But once all of the Ts have been crossed and the Is dotted, ACOs can meet their stated goals, right? Actually, not so much, though health IT can help things along, according to Indranil Bardham, a colleague of Deegan’s at UT Dallas who serves as professor of information systems.

According to an article in HealthcareITNews, Bardhan recently completed a study on ACO performance which concluded that health IT had a measurable impact on their efficiency. The study, which drew on 2013-2015 data from CMS, reviewed the performance of 400 ACOs.

Among the key takeways Bardhan took from his research was that the larger an ACO was, the more likely it was to be inefficient. This flies in the face of conventional wisdom, which would suggest that bigger is better when it comes to improving efficiency.

On the other hand, health IT use had the effect its champions might hope for, though modest in scope. The study concluded that a 1 percent increase in HIT usage was associated with an 0.5 percent increase in ACO efficiency.

The thing is, these measures represent just a couple of ways to evaluate ACO performance, making it hard to tell just what is working, Bardhan told HIN. “Healthcare, with respect to ACOs, is fascinating because there is not just one single output measure that you are using to compare performance,” he told the magazine’s Bill Siwicki. “…It is difficult to measure the performance of organizations against each other when you have multiple outputs that cannot easily be transformed into a single dollar number.”

This squares with commentary by other ACO researchers, who seem to agree that the whole ACO evaluation process is a bit mysterious. As health policy analyst David Introcaso notes, in a review of ACO-based Medicare Shared Savings Program, CMS isn’t helping either. “While CMS details financial and quality performance results, the agency does not explain, at least publicly, how results, favorable or unfavorable, were achieved.”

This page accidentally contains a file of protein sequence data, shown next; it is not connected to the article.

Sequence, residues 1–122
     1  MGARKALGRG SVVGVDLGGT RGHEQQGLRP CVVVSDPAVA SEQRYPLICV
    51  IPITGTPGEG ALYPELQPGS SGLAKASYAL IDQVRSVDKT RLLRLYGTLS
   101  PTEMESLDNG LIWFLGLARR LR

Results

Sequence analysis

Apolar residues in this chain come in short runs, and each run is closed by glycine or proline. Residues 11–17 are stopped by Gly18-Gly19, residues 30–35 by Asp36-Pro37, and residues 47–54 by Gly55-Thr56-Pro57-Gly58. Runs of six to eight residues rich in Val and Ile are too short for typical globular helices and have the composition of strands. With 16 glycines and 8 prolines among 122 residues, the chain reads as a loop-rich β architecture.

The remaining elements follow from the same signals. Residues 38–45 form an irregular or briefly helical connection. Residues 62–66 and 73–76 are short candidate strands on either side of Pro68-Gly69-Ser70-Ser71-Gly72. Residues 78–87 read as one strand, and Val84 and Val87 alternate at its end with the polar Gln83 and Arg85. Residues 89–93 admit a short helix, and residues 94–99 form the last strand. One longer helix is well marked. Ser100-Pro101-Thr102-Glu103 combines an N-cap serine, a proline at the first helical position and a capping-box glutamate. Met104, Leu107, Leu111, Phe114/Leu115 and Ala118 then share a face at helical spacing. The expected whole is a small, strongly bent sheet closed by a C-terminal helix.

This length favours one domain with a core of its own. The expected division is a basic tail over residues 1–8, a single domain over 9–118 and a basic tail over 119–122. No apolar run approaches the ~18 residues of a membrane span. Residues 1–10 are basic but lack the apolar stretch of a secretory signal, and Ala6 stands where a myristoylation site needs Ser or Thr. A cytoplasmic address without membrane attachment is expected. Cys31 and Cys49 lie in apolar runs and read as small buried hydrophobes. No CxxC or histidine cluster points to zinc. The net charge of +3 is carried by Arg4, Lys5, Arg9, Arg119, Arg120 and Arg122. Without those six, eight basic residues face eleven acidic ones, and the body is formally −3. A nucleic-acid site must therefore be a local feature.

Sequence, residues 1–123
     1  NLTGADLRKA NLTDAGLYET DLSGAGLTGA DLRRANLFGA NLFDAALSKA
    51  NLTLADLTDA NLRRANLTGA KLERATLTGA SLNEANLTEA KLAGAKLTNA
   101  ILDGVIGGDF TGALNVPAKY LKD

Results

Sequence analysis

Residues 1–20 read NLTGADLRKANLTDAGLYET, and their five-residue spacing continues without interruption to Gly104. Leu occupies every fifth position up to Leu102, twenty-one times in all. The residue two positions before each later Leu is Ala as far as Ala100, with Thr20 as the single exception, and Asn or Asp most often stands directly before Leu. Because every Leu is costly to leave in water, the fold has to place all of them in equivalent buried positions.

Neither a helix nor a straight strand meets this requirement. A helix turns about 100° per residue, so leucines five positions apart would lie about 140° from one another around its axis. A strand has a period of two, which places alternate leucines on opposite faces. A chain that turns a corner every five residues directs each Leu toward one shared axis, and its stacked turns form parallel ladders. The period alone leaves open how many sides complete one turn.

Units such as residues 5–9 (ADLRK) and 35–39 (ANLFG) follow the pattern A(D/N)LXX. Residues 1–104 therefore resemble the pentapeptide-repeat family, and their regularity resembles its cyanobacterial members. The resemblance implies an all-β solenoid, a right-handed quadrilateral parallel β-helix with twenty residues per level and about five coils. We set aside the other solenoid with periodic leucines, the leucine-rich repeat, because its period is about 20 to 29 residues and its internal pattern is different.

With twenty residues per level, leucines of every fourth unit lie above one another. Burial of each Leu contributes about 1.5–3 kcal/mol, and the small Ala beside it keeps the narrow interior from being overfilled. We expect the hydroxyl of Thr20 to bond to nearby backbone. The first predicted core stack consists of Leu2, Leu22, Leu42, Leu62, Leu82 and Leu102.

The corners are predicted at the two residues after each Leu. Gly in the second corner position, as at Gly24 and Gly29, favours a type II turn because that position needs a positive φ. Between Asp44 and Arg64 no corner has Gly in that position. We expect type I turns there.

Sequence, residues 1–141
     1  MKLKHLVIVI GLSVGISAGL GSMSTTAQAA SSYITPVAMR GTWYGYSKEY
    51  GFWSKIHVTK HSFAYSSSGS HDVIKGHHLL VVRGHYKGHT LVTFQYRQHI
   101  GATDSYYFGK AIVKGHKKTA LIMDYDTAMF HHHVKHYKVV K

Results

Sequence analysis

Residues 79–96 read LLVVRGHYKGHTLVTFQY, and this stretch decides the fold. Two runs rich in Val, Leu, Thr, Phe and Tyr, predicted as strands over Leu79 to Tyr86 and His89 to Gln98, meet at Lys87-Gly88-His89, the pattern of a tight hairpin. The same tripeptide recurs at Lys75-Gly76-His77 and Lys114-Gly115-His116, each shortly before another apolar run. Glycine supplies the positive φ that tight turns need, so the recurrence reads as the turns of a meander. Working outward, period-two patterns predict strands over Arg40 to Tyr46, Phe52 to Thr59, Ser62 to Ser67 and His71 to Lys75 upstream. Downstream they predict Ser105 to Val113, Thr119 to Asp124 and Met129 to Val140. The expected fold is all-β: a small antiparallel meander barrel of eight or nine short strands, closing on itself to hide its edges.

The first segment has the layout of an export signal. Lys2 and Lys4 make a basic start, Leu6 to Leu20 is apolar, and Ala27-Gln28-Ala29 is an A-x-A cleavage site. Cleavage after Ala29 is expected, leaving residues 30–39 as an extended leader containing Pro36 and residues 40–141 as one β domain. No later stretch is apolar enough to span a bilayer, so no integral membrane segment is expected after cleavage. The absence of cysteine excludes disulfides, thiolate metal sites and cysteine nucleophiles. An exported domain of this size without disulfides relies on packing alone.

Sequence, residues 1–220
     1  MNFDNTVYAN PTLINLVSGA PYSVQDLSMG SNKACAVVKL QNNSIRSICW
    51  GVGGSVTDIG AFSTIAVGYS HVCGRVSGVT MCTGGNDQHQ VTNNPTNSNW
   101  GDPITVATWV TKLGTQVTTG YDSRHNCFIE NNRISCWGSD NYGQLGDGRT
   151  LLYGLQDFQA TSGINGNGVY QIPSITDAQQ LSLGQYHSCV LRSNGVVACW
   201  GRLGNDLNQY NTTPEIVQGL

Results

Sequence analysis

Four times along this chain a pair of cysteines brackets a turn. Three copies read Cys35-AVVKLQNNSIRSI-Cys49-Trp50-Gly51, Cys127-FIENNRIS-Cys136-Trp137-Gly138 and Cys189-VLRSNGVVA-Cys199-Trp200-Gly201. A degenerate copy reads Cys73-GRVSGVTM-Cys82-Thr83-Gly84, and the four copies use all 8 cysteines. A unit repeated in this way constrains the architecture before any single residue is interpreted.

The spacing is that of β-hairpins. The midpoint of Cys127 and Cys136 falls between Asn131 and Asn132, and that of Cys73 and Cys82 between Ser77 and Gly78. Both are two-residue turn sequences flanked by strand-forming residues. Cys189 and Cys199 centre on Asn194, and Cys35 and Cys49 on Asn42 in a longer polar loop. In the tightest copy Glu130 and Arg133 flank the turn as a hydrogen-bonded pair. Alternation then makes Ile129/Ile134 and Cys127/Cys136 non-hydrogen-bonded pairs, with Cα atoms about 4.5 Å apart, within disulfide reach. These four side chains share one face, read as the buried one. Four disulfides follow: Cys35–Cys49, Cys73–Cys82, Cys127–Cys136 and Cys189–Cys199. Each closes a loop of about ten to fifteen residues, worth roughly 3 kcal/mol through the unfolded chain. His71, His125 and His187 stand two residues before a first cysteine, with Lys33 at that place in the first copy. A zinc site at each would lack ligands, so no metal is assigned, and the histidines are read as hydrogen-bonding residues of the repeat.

Without knowing more about what we should measure, and why – much less what steps helped in achieving their results – it’s too soon to tell what type of health IT should be deployed in ACOs. But looked at more optimistically, once we have a better idea of what ACO success factors are, it seems likely that health IT tools will help execs address them. (For a look at one completely health IT-based ACO concept, see this piece on the Virtual ACO.)

Meaningful Use Has Done Its Job

Posted on September 19, 2016 I Written By

Anne Zieger is veteran healthcare editor and analyst with 25 years of industry experience. Zieger formerly served as editor-in-chief of and her commentaries have appeared in dozens of international business publications, including Forbes, Business Week and Information Week. She has also contributed content to hundreds of healthcare and health IT organizations, including several Fortune 500 companies. She can be reached at @ziegerhealth or

While Meaningful Use has been challenging at times, the vast majority of hospitals seem to have stayed on top of things. In its new report on the IPPS negative payment adjustments for fiscal 2017, CMS said that 98% of eligible hospitals and critical access hospitals managed to avoid Medicare payment dialbacks for next year, because they successfully attested to stage 1 or stage 2 Meaningful Use compliance, according to EHR Intelligence.

CMS began making Medicare payment adjustments on October 1, 2014 for eligible hospitals, of which there are more than 4,800 in the United States. The current adjustment will fall into place on October 1, 2016, as a reduction in the percentage increase to the Inpatient Perspective Payment System.

The negative payment adjustments to the IPPS now stand at 75%, up from 25% for the 2013 reporting period. Eligible hospitals had a chance to apply for hardship exceptions to the payment adjustments, though if they haven’t done so already it’s too late, as the window for seeking those exceptions for 2017 closed in April of this year. But as noted, few hospitals will be affected.

At this point, it’s worth taking time to stop and admire how this took place. Even when you consider that the feds handed lot a lot of money in incentives, this has all happened relatively quickly as IT investments go. Everyone likes to talk about how successful the banking industry was at rolling out interoperability with ATMs, but I doubt the backroom negotiations went any faster than the cascade of Meaningful Use attestations. In other words, Meaningful Use did its job.

After all, very few programs achieve close to 100% compliance under any circumstances. Even if providers face large government fines, no initiative is going to get 100% of the industry on board. So bringing 98% of eligible hospitals on board within a few scant years is an impressive achievement, particularly considering the healthcare industry’s record of foot dragging when it comes to new technologies.